New gardener

Asked March 12, 2020, 2:21 PM EDT

I am planting my first garden in Atlanta, GA. My house had previous owners that previously gardened but overgrown so the space is laid out for me. I am not sure how to proceed though. There is a bunch of mint and lemon balm but so many weeds in between. What is the best way to get rid of these weeds and prepare the soil for gardening without killing everything that is already there? Do I individual pull out all the weeds, cut them down, or spray with something? Attached is a panorama of one of the spaces I'm working with, and a copy of my initial garden planner. Am I biting off more than I can chew? I'm just so excited to try everything out! Thanks in advance, Cameron

Fulton County Georgia

1 Response

Thank you for your question, Cameron. Begging gardening is both a challenge and a way of learning a new skill, so don't worry if you feel intimidated! The best "chemical" you can use to ready an unkempt area for vegetable gardening is elbow grease. Once the soil is dry enough to be worked, you can use a rake, hoe or trowel to get as many of the weeds out as possible. Using herbicides is risky when you're beginning to garden, because the terms are often confusing, and label directions are often not followed. Once you've gotten as many of them out as you can physically, there is still time to use the chemical (trifluralin) in Preen Garden Weed Preventer, which prevents weeds from rotting. However, plants with rhizomes (like grass) and established roots under the soil must have those removed, since the pre-emergent doesn't work for them.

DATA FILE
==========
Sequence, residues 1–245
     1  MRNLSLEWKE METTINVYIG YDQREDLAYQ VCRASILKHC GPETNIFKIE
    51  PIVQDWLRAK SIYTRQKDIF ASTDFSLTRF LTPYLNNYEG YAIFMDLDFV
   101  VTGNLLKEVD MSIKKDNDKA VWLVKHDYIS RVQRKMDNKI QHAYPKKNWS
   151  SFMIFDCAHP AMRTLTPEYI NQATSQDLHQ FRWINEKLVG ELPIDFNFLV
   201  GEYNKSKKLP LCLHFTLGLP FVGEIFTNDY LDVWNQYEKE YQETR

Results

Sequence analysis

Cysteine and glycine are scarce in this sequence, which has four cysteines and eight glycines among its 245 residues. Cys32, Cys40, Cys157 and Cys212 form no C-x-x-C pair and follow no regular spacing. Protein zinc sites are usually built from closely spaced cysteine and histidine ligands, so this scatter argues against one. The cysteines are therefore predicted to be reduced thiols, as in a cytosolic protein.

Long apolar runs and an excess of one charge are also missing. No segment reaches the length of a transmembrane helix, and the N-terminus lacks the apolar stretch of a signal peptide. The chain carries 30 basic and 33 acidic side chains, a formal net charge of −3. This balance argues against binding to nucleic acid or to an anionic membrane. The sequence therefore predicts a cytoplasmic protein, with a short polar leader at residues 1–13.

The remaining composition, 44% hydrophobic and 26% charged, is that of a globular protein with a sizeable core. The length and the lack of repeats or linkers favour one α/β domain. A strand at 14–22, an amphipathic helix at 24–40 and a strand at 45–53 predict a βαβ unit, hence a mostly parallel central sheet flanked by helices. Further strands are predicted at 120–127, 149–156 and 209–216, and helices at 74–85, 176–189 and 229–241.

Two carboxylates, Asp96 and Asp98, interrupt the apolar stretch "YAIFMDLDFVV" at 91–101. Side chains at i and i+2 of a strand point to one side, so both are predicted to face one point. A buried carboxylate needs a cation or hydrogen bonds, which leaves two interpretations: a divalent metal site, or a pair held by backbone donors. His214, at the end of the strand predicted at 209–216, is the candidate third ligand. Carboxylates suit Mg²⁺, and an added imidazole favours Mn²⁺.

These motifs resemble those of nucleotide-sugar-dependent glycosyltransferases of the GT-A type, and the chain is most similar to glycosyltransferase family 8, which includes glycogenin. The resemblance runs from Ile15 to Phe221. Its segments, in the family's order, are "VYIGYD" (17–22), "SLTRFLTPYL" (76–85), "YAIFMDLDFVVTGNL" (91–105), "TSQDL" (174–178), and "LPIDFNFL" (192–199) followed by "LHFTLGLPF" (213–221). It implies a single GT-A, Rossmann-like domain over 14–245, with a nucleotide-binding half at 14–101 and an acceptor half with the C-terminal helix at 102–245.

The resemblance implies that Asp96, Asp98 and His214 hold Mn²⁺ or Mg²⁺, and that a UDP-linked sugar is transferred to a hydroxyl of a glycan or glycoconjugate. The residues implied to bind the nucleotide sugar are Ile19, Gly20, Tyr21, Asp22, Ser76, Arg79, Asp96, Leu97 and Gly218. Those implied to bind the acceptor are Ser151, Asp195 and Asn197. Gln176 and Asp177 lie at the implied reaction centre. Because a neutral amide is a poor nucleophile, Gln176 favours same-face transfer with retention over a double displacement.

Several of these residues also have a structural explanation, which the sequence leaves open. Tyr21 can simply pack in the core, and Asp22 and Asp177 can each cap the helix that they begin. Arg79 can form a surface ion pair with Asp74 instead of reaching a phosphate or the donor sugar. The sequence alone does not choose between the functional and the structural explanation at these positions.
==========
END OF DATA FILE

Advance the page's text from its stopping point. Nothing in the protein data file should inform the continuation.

Before you start doing any amending of your soil, I suggest contacting your county Extension office to get a soil test. ( Although you missed the best time to add organic material to your soil (compost, leaves and well seasoned manure, for example), which is in the soil, better late than never!

While you're waiting for your soil test results, here is some light reading material from your state's Extension service on the other issues to be considered in vegetable gardening:

Since some soil, insect and disease issues differ from state to state, I'd suggest you contact your county Extension office should you have more questions. They are a wealth of knowledge, with localized expertise. Good luck!